Tag Archive | canada goose

Birds of Burnsmead, Fish Creek Park

Posted by Bob Lefebvre

For the week of April 10-16, the Friends of Fish Creek Provincial Park birding course groups explored the Burnsmead area of Fish Creek Park, along the river just east of the park headquarters, near the wastewater treatment plant. There are some ponds in this area, as well as a wooded area and the river itself.

Max Ortiz Aguilar went with the group on April 16 and got these photos of some of the birds there.

Ring-necked Pheasant (male), Burnsmead, April 16, 2017. Photo by Max Ortiz Aguilar.

::Aperture: ƒ/6.3|Camera: Canon EOS 6D|Focal length: 600mm|ISO: 500|Shutter speed: 1/1000s|

 Canada Goose, possibly guarding a nest site, April 16, 2017. Photo by Max Ortiz Aguilar.

::Aperture: ƒ/7.1|Camera: Canon EOS 6D|Focal length: 600mm|ISO: 320|Shutter speed: 1/1000s|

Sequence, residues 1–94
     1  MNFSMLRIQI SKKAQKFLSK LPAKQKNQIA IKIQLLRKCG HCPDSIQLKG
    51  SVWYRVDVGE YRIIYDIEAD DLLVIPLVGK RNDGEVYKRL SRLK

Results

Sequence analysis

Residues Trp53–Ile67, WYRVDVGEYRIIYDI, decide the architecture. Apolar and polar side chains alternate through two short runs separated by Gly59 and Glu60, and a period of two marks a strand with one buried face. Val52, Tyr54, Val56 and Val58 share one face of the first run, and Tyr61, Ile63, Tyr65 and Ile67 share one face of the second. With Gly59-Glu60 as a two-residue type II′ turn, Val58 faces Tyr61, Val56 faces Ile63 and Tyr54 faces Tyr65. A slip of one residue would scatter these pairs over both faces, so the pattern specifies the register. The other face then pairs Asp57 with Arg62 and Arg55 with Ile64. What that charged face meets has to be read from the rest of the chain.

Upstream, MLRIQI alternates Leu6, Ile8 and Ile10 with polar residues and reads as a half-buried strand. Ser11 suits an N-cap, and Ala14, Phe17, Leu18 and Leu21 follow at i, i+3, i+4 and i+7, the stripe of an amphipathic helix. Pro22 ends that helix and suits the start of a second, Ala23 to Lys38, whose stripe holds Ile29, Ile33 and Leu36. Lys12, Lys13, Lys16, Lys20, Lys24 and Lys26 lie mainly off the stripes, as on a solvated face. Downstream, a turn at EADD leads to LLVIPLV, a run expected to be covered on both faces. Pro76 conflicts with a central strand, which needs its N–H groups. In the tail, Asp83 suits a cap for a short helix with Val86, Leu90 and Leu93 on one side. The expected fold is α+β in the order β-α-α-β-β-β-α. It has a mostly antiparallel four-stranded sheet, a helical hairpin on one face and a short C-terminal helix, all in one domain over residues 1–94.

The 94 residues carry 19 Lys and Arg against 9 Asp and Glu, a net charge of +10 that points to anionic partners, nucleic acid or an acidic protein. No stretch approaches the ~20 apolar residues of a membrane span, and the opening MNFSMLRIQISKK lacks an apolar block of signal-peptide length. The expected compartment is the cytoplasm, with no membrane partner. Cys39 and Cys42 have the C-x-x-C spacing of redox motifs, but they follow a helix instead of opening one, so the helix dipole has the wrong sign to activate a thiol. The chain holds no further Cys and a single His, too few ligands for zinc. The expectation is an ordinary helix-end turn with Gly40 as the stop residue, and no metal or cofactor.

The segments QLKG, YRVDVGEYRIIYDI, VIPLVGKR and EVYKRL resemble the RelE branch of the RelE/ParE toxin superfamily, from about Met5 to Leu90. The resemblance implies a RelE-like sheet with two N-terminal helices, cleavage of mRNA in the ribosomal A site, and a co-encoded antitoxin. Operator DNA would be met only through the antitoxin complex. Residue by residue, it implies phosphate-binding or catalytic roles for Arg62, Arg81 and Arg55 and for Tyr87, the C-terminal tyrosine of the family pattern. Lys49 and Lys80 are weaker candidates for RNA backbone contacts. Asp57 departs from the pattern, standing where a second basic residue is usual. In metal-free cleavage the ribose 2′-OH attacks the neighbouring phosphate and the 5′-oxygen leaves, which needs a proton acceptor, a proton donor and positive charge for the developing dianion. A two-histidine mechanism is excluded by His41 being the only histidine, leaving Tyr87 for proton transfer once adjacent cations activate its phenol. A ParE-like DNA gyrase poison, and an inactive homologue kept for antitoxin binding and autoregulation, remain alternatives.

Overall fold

Common Mergansers (female in front, male behind), April 16, 2017. Photo by Max Ortiz Aguilar.

::Aperture: ƒ/7.1|Camera: Canon EOS 6D|Focal length: 600mm|ISO: 200|Shutter speed: 1/1000s|

Franklin’s Gull, April 16, 2017. Photo by Max Ortiz Aguilar.

::Aperture: ƒ/7.1|Camera: Canon EOS 6D|Focal length: 600mm|ISO: 100|Shutter speed: 1/1000s|

This photo and the next shows the pinkish hue these birds have when they arrive here from their wintering grounds off the coast of Venezuela, where they feed on shrimp that contain red pigments. The colour often fades by fall.

Franklin’s Gulls, April 16, 2017. Photo by Max Ortiz Aguilar.

::Aperture: ƒ/6.3|Camera: Canon EOS 6D|Focal length: 600mm|ISO: 250|Shutter speed: 1/1000s|

House Finch (male), April 16, 2017. Photo by Max Ortiz Aguilar.

::Aperture: ƒ/6.3|Camera: Canon EOS 6D|Focal length: 600mm|ISO: 6400|Shutter speed: 1/1000s|

Red-winged Blackbird (male), April 16, 2017. Photo by Max Ortiz Aguilar.

::Aperture: ƒ/6.3|Camera: Canon EOS 6D|Focal length: 600mm|ISO: 100|Shutter speed: 1/500s|

To see more of Max’s photos, visit his website here.